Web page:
Said Jerry, “Some people just like to read the lines of the script, other people are open to improv.  To me, the comedians are better in the movie. Chris Rock, all his stuff was adlibbed.”  But even the straight actors came in with improvs.  Jerry gave an example, in one scene he told Renee to just keep asking him to have a cup of coffee and he would refuse.  That little bit turned into a major comic moment. 

One of the biggest casting coups was getting talk show host Oprah Winfrey to be in the film as the court judge.  “She was very nervous the first time we recorded with her,” said Seinfeld.  “She always wanted to be in an animated movie.  I was on her show promoting the first Seinfeld DVD.  I told her what I was doing and she said ‘I’d love to be in that’.  The judge would be a perfect part for her.  To have the first interspecies lawsuit, you have to have the world’s most conciliatory person between these two major groups.  And she was good.  She did some of her stuff and said I want to come back.  I can do it better.”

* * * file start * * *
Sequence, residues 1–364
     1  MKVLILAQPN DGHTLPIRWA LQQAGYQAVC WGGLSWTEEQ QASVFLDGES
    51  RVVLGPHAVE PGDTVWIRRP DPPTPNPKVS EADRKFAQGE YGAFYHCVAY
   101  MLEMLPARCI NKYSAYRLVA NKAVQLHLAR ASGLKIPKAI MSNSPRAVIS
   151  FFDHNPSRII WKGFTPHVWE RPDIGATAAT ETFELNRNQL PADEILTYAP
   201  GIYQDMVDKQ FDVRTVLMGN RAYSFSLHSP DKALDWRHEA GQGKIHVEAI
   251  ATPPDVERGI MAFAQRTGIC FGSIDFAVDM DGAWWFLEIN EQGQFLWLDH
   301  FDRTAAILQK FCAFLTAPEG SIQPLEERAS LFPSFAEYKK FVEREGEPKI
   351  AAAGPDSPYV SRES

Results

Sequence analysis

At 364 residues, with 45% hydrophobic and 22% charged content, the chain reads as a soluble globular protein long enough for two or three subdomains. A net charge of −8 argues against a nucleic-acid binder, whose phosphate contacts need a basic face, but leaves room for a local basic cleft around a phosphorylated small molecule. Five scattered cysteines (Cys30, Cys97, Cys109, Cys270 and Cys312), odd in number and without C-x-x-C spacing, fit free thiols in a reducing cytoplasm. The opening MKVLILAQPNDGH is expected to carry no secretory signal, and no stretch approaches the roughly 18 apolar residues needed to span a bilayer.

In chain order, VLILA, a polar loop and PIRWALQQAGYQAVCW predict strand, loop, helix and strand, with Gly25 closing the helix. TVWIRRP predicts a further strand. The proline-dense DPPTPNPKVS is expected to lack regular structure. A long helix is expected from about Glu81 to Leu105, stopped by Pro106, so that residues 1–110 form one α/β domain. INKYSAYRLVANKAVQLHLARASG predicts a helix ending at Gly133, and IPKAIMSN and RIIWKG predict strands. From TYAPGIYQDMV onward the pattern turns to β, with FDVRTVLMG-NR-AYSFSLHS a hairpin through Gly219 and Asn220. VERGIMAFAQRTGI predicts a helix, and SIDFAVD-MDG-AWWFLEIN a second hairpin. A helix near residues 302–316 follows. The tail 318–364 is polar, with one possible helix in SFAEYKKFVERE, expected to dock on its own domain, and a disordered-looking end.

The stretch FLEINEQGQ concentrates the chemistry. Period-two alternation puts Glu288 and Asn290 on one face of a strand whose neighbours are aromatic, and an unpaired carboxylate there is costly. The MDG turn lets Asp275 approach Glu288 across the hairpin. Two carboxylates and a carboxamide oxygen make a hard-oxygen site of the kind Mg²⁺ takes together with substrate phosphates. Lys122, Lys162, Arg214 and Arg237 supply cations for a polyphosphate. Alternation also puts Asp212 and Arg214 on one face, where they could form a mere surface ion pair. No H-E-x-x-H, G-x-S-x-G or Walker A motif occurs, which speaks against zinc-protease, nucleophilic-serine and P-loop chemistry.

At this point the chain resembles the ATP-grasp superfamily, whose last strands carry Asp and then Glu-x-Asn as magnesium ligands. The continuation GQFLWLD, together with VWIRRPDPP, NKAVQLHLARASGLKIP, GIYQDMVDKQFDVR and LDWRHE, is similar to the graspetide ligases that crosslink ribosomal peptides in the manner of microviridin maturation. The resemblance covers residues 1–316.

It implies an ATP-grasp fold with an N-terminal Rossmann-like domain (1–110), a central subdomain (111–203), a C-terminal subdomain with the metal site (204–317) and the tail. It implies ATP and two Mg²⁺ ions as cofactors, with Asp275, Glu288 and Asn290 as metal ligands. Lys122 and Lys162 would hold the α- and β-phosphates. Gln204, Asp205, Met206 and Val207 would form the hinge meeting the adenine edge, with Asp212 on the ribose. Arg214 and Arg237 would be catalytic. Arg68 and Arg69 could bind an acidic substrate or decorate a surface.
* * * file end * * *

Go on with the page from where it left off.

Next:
Jerry acknowledged that the hardest sessions were Patrick Warburton who plays Ken the boyfriend.  “He is the funniest guy in film,” said Seinfeld.  “He would make me cry and fall off the chair.  Most of those laughing scenes are with Patrick.  I would literally fall on my hands and knees.”

Ray Liotta has a cameo and when asked why Jerry joked, “because he was the last guy you would expect to see in a movie about bees.”

Seinfeld said that he was very proud of the movie, but was amazed at the amount of time it took to make it—three and half years.  “Renee made two movies in the time Bee Movie was made.”  And finally it was asked--What did you like the best about Bee Movie?  “Making people laugh,” said Jerry.

BEE MOVIE opens November 2, 2007